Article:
A Book IV (2007) excerpt. At the time I was working with Richard at his Coral Gables, FL design firm/ad agency. I’d relocated across the country in August of ’06 for the job and had been working for just a few months when I talked Richard into trying a Mt. Whitney trip. The following summer with the Mt. Whitney trip just days away, Richard was, with apologies to our canine friends, sick as a dog. His approach to illness and injury at the time was decidedly different from mine.
THE MOUNT WHITNEY JOURNALS – Book IV – 2007
In fact, Richard was overseas in China for most of July, overseeing a big printing job for a luxury cruise client. When he returned during the last week of July, he was extremely sick with a head cold and a cough that made him sound like Doc Holliday.
Even more than on my previous trips, I couldn’t wait for the day of the trip. I found myself longing for the cold water of Lone Pine Creek, and to be surrounded by pine trees and mountains. After the flatness of Florida I would’ve settled for a modest hill. I was also looking forward to the un-Floridian weather I knew awaited me at the Whitney Portal: moderate and dry during the day and cold at night.
I was so anxious to go on the trip, that I’d had my gear and clothing organized and checklisted on my kitchen table for weeks. At work though, during the last week before the trip, I was alarmed that Richard’s chest and head hadn’t cleared. From my desk, I’d hear Richard in his office let loose some wall-shaking coughs that me cringe. Given my expertise in these matters, I was convinced that he had something that would only get better with antibiotics. More than anyone I’d ever met, I knew Richard had an ungodly ability to ignore pain and discomfort, but I still felt that if his condition didn’t improve before the hike, he’d have difficulties on Mt. Whitney and be more susceptible to the dangers of altitude sickness and possibly even pulmonary or cerebral edemas.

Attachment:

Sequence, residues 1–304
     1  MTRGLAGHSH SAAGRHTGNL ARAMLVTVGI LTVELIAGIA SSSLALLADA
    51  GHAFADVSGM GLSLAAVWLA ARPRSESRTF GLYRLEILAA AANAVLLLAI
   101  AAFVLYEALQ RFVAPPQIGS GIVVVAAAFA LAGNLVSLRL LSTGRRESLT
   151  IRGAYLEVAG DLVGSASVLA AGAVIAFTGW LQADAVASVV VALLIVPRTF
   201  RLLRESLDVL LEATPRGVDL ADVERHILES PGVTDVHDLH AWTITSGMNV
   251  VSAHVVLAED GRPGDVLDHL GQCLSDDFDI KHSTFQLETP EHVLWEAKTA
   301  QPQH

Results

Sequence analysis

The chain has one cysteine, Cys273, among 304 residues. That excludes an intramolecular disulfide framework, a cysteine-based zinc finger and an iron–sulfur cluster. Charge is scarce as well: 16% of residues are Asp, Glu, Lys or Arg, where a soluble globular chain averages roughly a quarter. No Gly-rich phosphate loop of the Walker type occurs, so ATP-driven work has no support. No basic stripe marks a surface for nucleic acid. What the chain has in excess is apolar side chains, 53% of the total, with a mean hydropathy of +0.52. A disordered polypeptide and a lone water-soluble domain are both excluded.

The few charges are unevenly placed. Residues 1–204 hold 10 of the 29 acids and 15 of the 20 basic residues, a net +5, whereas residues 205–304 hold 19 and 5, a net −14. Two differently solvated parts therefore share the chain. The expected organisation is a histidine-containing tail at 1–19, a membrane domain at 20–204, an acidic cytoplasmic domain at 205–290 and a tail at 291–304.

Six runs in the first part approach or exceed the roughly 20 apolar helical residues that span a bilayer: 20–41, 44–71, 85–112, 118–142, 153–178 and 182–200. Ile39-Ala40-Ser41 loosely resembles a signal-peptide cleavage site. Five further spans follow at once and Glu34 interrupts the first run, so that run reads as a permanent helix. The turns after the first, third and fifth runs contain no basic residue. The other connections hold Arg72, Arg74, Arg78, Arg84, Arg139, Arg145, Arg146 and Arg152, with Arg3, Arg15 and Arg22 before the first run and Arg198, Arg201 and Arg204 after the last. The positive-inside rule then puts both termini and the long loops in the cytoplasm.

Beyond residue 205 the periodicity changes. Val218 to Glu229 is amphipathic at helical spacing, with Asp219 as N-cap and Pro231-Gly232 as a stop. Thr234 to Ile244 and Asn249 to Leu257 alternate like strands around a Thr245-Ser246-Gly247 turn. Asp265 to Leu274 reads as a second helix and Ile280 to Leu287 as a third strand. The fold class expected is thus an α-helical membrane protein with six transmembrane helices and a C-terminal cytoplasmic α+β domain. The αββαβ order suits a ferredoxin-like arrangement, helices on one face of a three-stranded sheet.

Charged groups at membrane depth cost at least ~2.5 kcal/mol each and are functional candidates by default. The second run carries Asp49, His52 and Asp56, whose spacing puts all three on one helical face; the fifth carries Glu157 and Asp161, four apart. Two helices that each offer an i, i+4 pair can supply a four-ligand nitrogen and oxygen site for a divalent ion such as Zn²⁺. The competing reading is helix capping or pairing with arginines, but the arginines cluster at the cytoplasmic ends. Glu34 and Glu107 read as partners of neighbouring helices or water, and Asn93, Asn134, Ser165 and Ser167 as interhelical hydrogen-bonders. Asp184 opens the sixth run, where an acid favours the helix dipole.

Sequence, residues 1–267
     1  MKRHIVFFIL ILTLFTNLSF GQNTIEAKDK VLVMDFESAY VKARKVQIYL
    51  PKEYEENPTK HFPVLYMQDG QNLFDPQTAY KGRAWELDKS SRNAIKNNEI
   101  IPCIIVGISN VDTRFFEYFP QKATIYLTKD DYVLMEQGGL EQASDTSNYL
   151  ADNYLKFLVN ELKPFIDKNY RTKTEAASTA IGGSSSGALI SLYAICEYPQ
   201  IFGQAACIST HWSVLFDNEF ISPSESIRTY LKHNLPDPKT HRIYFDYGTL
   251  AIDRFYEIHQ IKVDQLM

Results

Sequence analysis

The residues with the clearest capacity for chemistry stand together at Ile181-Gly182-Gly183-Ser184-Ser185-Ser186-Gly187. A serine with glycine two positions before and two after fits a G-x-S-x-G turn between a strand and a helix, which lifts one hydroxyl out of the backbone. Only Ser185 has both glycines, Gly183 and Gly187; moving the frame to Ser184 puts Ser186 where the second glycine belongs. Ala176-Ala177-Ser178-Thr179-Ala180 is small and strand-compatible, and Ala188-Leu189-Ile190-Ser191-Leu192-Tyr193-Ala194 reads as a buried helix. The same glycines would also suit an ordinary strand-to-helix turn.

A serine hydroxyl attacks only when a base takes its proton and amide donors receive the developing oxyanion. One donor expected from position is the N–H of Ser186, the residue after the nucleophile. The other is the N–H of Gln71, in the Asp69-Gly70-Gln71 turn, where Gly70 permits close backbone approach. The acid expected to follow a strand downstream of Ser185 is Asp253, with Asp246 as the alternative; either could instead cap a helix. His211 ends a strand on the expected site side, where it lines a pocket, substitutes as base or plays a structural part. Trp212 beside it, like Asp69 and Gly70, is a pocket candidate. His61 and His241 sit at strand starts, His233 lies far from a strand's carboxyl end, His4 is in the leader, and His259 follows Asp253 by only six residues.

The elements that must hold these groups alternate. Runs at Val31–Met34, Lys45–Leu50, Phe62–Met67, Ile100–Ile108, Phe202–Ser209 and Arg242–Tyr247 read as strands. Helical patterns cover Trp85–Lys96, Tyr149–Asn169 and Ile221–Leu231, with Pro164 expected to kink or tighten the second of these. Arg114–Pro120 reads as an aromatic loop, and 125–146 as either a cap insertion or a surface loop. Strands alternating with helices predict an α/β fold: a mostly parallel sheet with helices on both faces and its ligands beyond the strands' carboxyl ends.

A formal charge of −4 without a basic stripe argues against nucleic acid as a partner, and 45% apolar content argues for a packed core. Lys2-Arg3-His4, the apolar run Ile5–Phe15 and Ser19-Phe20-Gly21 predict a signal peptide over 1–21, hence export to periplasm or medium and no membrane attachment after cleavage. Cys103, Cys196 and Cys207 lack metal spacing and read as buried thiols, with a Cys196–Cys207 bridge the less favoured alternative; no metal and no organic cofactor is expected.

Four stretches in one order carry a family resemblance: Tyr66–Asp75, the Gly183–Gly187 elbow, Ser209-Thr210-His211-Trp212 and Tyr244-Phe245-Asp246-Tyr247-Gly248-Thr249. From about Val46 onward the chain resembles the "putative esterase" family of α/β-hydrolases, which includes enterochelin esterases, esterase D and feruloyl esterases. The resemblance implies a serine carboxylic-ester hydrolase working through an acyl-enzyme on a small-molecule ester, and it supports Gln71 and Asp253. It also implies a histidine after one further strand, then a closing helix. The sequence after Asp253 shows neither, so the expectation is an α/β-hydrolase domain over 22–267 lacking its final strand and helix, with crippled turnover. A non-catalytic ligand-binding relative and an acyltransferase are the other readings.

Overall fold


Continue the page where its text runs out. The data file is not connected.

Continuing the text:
But then again, as a licensed hypochondriac, I’m at the opposite end of the pain-enduring spectrum from Richard. He could’ve literally coughed up one of his lungs onto the display screen of his iMac and he either would’ve shoved it back down into his chest or just looked at it as that much less weight he’d have to carry up the mountain. Me? I would’ve been on the phone calling ‘911’ or a mortician, both of which I had on my speed dial.